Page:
Friction idiophone, with jingles, described in Sanskrit works of medieval India. The name means literally ‘plank-instrument’, and the instrument was a rectangular wooden board about 60 cm long and 40 cm wide. It had rows of metal rings—threaded, perhaps, through plaited metal wires—at the top and bottom; the board was coated with resin and rubbed with the fingertips. It was held either against the chest or between the knees....

Article

Box zither (psaltery) of medieval Armenia, with ten gut strings.

Article

Saltïr  

Plucked string instrument of medieval Armenia, with 40 gut strings. Probably it was a psaltery.

Article

Alastair Dick

Medieval cylindrical double-headed drum of India. It is described as made of citrus-wood and about 52 cm long and 20 cm in diameter. The heads were stretched on hoops of creeper ‘as thick as the forefinger’ and laced with ropes through six holes. It was held sideways, the left head played by the hand and the right with a crooked stick (...

Article

Alastair Dick

Late medieval fretless stick zither of north India. It is described in the Ā’īn-ī-akbarī as ‘similar to the bīṅ’, but without frets. It had two gourds and three strings and was possibly stopped with a sliding block. The amṛī or ambirti of the same text appears to be a smaller version but with one gourd and a single iron string. These instruments might represent a historical link between the sliding-block ...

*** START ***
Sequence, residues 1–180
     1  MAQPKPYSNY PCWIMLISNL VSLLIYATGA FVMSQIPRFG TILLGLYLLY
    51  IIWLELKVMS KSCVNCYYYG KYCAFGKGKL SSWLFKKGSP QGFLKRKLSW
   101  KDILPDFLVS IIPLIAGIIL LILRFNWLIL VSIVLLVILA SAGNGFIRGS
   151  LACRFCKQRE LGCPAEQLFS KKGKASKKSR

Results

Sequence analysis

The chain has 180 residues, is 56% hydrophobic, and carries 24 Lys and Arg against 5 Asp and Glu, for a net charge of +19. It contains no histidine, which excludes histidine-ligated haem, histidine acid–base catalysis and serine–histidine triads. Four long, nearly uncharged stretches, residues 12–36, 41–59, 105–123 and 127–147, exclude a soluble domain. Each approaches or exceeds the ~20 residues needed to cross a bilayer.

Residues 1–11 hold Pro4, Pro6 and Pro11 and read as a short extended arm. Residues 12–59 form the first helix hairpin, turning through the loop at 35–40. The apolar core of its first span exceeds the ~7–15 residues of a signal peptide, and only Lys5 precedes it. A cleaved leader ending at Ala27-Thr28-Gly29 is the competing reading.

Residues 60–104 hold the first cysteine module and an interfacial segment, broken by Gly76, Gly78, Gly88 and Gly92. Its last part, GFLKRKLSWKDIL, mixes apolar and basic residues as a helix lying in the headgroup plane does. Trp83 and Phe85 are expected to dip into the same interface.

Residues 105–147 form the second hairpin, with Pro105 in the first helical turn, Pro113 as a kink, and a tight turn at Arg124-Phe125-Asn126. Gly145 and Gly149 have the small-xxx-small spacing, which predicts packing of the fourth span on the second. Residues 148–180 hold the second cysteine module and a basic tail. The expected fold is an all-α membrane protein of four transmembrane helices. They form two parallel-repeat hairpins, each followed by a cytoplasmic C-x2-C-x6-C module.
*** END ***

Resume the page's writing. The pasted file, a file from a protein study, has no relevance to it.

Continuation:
Article

Alastair Dick

Metal scraper of India, described in medieval Sanskrit texts. The name means literally ‘shell-instrument’ and points to an original use of rough-sided shells. The one described in the 13th-century Saṅgītaratnākara (ed. S. Subrahmanya Sastri, vol.3, Madras, 1951), however, is a long (about 120 cm) flattish tube of bell-metal or iron, roughly 6 cm thick. It has grooves scored across it and is scraped with a conical metal stick (...

Article

Common term in medieval Armenia for folk drums of various types.

Article

Alastair Dick

Old south Indian Tamil name for a wooden barrel drum, equated with mattalam and found in texts of the 1st millennium ce. It had two skin-covered heads, the right being tuned with a paste (mārcanai, i.e. Sanskrit mārjanā) of powdered charcoal and cooked rice. It was the leading instrument of the dance orchestra, controlling the level of the other instruments and filling in for continuity (as does the ...